Mibank funds first cocoa farmer loan

Caption: Vunamami cocoa farmer, Blasius Vovore (L) receiving his approved AVC loan agreement from the Agriculture and Livestock (DAL) acting Secretary, Daniel Kombuk at Vunamami government station, East New Britain province recently. Watching back row: Tony Vigil, CBPNG executive manager industries & corporate services (L), ADB’s David Hill (R). Background: Hosea Tubarat (former East New Britain Provincial Administrator) (L) and MiBank’s head of operations, Trudi Egi (centre). Pics by CYRIL GARE.  

 

By CYRIL GARE

A simple rural Cocoa farmer can now get a commercial bank loan using his cocoa block as collateral or security.

Thanks to the new law – the Personal Property Security Act 2011 – which officially came into effect and full operation in 2016.

Among the first beneficiaries in the agriculture was cocoa farmer, Blasius Vovore who represented his Vunamami Cocoa Cooperative of East New Britain.

Mr Vovore received a cheque of K1,000 from the MiBank – a newly established commercial bank subsidiary of the National Development Bank (NDB) during a ceremony at Vunamami recently.

This was a revolutionary partnership forged between the Cocoa Board of PNG (CBPNG), the PNG Agriculture Company (PNGAC) (a subsidiary of the CBPNG) and the MiBank with technical assistance and continuous support from the Asian Development Bank (ADB) since 2002.

The tri-parties created a product – the Agriculture Value Chain (AVC) Loan scheme which now enables simple rural cocoa farmers to access commercial bank loans to help them improve their smallholder cocoa blocks and run it as a business sustainably into the future.

Should a farmer wishes to acquire an AVC loan, s/he must first become a registered Member of the PNGAC, have an existing bank account with MiBank, allow PNGAC to inspect and collate relevant information on his or her cocoa block and thereby compile report and recommendations to MiBank, has a 20 per cent equity, and be able to repay loan at two (2) per cent monthly.

Since Independence, citizens who do not own “stationary assets and properties” such as land or house found it difficult to obtain bank loans resulting in economy being held stagnant and redundant.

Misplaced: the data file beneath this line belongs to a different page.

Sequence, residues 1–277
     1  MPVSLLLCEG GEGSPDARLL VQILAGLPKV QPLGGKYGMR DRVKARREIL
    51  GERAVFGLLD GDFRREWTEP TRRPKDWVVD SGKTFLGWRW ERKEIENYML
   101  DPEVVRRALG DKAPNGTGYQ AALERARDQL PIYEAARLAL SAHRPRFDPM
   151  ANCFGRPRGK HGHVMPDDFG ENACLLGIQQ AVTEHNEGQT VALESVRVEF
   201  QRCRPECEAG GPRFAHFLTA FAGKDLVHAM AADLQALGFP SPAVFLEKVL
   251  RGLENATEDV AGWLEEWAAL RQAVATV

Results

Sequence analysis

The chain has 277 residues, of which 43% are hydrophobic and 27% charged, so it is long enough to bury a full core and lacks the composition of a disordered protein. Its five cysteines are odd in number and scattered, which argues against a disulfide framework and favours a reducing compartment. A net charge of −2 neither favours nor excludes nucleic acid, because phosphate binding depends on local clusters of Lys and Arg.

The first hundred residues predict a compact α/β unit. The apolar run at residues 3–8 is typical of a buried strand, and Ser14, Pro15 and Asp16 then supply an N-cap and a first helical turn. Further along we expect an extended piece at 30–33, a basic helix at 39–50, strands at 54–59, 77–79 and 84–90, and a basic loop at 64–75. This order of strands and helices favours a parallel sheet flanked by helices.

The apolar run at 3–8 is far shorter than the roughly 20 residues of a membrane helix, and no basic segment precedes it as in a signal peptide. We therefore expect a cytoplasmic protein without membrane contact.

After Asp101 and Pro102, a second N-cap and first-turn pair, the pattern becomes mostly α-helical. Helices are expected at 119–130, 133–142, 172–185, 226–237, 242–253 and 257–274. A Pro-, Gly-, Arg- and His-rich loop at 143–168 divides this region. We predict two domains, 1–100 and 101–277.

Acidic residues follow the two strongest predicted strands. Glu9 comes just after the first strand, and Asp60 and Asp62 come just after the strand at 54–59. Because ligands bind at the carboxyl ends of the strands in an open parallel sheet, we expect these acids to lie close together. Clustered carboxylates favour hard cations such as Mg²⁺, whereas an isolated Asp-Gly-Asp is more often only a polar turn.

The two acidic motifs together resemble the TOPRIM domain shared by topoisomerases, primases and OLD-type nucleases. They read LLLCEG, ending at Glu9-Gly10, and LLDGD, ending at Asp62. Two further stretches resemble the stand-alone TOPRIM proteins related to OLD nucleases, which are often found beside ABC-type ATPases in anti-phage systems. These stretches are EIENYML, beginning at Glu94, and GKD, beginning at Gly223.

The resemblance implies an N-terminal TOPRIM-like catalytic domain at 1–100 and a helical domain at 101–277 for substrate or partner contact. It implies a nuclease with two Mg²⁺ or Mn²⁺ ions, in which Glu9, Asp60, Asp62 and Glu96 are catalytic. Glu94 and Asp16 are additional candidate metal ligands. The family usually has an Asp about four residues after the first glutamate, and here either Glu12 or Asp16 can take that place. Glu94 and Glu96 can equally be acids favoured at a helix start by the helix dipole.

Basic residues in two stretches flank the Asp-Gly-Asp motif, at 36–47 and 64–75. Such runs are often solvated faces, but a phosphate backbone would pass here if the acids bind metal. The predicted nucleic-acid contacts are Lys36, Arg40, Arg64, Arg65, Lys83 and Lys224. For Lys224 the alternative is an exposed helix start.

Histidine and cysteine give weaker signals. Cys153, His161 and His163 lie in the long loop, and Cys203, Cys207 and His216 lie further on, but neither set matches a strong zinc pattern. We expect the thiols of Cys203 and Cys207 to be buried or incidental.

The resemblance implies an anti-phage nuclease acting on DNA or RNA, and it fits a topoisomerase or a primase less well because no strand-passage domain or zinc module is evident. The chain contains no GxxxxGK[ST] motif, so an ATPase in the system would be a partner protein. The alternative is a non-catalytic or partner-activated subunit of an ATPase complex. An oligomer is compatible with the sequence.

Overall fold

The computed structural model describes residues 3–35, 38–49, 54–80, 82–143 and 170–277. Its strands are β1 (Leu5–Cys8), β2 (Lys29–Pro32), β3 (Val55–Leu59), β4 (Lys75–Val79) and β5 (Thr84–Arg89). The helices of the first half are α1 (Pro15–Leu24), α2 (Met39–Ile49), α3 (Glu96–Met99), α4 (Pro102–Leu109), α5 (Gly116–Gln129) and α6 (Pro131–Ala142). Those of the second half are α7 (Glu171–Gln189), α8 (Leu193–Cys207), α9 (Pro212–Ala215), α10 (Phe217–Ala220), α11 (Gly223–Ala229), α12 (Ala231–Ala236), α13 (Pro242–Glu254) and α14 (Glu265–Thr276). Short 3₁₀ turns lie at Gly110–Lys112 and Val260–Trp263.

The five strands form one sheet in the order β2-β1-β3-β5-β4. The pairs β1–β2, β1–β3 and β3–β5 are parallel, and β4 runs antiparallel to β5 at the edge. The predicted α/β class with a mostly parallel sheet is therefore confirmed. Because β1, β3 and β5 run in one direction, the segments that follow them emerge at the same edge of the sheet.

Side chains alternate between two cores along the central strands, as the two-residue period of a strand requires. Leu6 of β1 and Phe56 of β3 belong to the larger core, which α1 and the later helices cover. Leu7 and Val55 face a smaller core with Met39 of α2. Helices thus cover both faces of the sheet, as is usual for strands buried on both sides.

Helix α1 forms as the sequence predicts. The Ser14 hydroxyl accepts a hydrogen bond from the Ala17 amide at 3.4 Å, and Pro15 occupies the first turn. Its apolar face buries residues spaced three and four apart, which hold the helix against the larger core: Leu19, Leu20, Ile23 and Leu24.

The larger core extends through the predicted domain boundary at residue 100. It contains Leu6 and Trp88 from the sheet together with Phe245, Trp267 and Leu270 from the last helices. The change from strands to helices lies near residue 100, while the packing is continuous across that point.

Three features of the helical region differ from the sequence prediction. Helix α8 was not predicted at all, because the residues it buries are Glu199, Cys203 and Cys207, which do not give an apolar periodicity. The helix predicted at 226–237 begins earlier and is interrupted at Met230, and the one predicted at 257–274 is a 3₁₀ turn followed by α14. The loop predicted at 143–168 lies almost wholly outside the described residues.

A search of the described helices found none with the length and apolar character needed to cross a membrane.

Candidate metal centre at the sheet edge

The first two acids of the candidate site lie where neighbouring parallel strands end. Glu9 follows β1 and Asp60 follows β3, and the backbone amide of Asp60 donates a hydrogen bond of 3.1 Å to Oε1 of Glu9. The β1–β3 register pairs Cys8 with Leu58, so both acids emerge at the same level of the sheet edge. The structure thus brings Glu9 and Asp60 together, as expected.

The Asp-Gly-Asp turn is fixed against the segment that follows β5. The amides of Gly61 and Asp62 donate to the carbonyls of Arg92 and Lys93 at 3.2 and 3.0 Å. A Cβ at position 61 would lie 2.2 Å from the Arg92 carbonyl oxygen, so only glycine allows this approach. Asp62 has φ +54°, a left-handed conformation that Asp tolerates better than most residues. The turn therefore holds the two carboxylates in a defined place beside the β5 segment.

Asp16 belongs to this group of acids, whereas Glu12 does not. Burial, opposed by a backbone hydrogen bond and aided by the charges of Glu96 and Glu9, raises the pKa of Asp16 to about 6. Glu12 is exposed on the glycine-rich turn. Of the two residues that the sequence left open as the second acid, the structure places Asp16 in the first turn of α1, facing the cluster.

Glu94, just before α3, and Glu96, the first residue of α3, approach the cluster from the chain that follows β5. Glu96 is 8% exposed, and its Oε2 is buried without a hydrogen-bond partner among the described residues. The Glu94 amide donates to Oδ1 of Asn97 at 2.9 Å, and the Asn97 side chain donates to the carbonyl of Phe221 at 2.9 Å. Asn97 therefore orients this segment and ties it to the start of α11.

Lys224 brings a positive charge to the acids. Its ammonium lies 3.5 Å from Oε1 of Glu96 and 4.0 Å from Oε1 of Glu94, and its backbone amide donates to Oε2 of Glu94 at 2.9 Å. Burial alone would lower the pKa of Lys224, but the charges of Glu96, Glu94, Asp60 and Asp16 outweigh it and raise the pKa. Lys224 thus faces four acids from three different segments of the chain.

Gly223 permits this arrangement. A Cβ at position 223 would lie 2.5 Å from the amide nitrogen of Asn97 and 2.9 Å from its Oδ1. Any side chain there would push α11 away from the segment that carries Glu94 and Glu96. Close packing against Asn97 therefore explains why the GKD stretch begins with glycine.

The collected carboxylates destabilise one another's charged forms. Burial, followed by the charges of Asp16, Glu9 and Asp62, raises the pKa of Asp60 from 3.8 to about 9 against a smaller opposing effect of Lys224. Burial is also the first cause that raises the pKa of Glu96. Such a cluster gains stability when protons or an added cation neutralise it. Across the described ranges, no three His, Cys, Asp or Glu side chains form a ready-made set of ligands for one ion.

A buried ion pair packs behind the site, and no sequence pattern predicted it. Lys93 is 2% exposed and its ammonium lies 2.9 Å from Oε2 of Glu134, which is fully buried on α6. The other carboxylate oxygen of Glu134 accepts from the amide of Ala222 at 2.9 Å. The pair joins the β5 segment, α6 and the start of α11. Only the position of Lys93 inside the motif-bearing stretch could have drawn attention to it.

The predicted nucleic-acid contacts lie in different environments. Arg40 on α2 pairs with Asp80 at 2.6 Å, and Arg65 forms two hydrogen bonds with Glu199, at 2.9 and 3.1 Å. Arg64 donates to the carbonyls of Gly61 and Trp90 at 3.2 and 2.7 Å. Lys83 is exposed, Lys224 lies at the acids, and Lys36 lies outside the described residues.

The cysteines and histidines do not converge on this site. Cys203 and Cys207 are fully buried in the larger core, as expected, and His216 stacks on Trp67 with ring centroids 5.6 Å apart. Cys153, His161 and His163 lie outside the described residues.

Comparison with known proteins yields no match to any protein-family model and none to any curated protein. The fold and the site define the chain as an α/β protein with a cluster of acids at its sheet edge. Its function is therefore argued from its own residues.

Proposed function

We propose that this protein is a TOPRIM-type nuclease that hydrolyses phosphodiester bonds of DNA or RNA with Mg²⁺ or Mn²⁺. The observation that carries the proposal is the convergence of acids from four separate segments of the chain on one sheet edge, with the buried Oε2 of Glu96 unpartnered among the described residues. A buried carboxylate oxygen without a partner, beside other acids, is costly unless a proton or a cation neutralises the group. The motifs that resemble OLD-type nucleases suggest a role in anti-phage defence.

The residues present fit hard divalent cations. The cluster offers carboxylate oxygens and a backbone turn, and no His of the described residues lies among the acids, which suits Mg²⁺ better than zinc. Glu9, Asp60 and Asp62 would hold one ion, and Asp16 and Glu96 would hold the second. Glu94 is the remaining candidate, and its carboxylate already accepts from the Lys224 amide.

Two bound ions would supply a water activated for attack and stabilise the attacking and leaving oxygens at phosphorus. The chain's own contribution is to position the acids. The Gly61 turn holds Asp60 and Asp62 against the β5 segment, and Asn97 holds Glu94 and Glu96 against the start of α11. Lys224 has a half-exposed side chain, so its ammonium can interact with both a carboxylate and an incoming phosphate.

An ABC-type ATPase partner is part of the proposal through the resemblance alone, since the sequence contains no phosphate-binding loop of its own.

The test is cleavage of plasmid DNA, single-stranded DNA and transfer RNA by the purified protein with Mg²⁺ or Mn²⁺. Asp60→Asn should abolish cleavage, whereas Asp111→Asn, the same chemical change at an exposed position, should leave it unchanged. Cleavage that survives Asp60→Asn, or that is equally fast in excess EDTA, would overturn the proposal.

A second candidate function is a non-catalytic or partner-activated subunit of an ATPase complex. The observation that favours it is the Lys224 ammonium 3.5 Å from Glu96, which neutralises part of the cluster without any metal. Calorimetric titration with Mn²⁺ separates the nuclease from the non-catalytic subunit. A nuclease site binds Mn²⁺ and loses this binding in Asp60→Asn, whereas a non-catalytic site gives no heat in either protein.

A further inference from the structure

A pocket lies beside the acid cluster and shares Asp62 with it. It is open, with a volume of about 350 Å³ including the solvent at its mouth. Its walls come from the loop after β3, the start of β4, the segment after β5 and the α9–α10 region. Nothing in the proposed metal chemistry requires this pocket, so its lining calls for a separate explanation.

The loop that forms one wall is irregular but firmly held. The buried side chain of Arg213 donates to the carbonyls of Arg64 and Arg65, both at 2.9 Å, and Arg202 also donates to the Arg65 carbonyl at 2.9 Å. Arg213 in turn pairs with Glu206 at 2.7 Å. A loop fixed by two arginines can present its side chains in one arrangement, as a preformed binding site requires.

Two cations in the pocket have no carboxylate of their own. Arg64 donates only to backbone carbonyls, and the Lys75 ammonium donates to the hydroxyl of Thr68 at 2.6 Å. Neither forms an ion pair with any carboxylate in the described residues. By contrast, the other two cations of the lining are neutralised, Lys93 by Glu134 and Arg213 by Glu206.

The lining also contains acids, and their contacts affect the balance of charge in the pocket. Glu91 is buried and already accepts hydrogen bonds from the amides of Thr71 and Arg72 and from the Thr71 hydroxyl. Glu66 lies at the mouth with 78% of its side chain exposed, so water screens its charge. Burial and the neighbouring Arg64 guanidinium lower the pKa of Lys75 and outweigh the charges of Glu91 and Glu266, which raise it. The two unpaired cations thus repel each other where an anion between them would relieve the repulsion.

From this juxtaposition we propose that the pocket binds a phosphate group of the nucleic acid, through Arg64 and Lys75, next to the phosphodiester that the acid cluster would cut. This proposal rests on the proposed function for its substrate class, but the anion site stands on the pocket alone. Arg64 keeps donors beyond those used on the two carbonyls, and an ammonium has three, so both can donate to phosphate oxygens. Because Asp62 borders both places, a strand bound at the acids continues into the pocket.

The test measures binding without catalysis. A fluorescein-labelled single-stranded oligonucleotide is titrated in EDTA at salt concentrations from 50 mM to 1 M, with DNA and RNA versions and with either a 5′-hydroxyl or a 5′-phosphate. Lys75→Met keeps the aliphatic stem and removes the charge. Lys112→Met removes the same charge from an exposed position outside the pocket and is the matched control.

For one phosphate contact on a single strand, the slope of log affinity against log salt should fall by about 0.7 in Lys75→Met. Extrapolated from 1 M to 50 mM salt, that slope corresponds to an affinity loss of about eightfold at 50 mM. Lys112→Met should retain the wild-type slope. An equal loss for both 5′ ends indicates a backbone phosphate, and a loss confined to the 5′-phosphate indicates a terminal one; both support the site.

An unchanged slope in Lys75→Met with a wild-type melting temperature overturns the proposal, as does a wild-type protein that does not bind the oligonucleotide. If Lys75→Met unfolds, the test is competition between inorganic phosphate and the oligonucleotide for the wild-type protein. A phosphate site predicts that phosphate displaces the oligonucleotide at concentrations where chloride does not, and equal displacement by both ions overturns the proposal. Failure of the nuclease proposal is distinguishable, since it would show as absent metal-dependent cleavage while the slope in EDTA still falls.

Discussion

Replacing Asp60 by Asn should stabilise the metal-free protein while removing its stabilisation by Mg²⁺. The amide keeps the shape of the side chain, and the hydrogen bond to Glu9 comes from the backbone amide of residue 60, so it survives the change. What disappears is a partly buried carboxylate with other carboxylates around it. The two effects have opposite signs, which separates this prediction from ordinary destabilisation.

In 1995, the Mekere Government introduced the financial sector reforms which saw amendments to the Central Bank Act, creation and up surge of financial intermediaries including super funds, financial institutions, savings & loan societies, and more commercial banks, among others which enables the economy to resuscitate – based on the basic economic principle that “money is created when money is lend”.

Riding on this, the CBPNG under the leadership of CEO, Boto Gaupu created the PNGAC in 2017 and over the recent past – prior to launching of the AVC loan facility – had been involved in financial literacy and training of cocoa farmers so that they run their cocoa farms as a business, be able to make and save money and sustain their livelihoods into the future.

The ADB has long been involved as well in the initial setting up of the legal framework for “agro financing” and “mobile money concept;

  • 2002: micro financial expansion project
  • 2004: micro bank
  • 2007: MiBank (NDB) through the Pacific Private Sector Development Sector Initiative (PPSDI).

“It has been a long road to get to this point,” said ADB’s David Hill, during the Vunamami launching,” he said.

CBPNG says the Vunamami AVC loan product was the first and the service will expand to other cocoa growing provinces as well.

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